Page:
If you receive a message or a phone call asking for immediate action and don't know the sender, it could be a phishing message.

Be careful with links and new website addresses

Malicious website addresses may appear almost identical to legitimate sites. Scammers often use a slight variation in spelling or logo to lure you. Malicious links can also come from friends whose email has unknowingly been compromised, so be careful.

Secure your personal information

Before providing any personal information, such as your date of birth, Social Security number, account numbers, and passwords, be sure the website is secure.

Stay informed on the latest cyber threats

Keep yourself up to date on current scams by visiting this website daily.

Use Strong Passwords

Strong passwords are critical to online security.

Keep your software up to date and maintain preventative software programs

Keep all of your software applications up to date on your computers and mobile devices. Install software that provides antivirus, firewall, and email filter services.

Update the operating systems on your electronic devices

Make sure your operating systems (OSs) and applications are up to date on all of your electronic devices. Older and unpatched versions of OSs and software are the target of many hacks. Read the CISA security tip on Understanding Patches and Software Updates for more information.

What if You Got Scammed?

Stop Contact With The Scammer

Hang up the phone. Do not reply to emails, messages, or letters that the scammer sends. Do not make any more payments to the scammer. Beware of additional scammers who may contact you claiming they can help you get your lost money back.

Secure Your Finances

  • Report potentially compromised bank account, credit or debit card information to your financial institution(s) immediately. They may be able to cancel or reverse fraudulent transactions.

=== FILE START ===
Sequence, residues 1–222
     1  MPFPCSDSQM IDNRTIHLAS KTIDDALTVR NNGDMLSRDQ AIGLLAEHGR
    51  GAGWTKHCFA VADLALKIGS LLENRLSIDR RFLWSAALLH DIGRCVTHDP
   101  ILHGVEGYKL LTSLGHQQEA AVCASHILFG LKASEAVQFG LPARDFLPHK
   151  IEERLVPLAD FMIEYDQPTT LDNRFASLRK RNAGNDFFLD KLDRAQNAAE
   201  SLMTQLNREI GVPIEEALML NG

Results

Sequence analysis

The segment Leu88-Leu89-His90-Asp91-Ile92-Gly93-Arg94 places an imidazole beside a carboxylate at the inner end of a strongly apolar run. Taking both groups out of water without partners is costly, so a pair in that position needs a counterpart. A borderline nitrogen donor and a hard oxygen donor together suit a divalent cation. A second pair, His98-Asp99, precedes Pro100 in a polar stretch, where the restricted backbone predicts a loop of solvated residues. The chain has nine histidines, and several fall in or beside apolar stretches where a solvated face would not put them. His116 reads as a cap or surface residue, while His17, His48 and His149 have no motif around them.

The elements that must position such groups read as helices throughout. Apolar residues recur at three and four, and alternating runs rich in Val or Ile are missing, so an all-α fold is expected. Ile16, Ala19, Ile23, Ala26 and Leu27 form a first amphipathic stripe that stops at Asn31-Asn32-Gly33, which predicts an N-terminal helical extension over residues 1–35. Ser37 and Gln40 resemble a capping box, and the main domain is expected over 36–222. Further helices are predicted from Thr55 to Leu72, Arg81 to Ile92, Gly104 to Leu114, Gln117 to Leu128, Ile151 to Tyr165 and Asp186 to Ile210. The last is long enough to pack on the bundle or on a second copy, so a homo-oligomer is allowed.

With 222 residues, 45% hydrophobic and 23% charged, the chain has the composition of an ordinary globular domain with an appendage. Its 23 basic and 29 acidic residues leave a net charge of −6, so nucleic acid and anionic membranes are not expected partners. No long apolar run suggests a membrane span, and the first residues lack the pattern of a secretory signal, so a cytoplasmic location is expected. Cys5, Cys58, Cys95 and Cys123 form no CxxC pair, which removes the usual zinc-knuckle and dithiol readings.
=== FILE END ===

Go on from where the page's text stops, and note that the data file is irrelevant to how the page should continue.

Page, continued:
• Notify the three major credit bureaus. They can add a fraud alert to warn potential credit grantors that you may be a victim of identity theft. You may also want to consider placing a free security freeze on your credit report. Doing so prevents lenders and others from accessing your credit report entirely, which will prevent them from extending credit:

Check Your Computer

If your computer was accessed or otherwise affected by a scam, check to make sure that your anti-virus is up-to-date and running and that your system is free of malware and keylogging software. You may also need to seek the help of a computer repair company. Consider utilizing the Better Business Bureau’s website to find a reputable company.

Change Your Account Passwords

Update your bank, credit card, social media, and email account passwords to try to limit further unauthorized access. Make sure to choose strong passwords when changing account passwords.

Report The Scam

Reporting helps protect others. While agencies can’t always track down perpetrators of crimes against scammers, they can utilize the information gathered to record patterns of abuse which may lead to action being taken against a company or industry.

Report your issue to the following agencies based on the nature of the scam: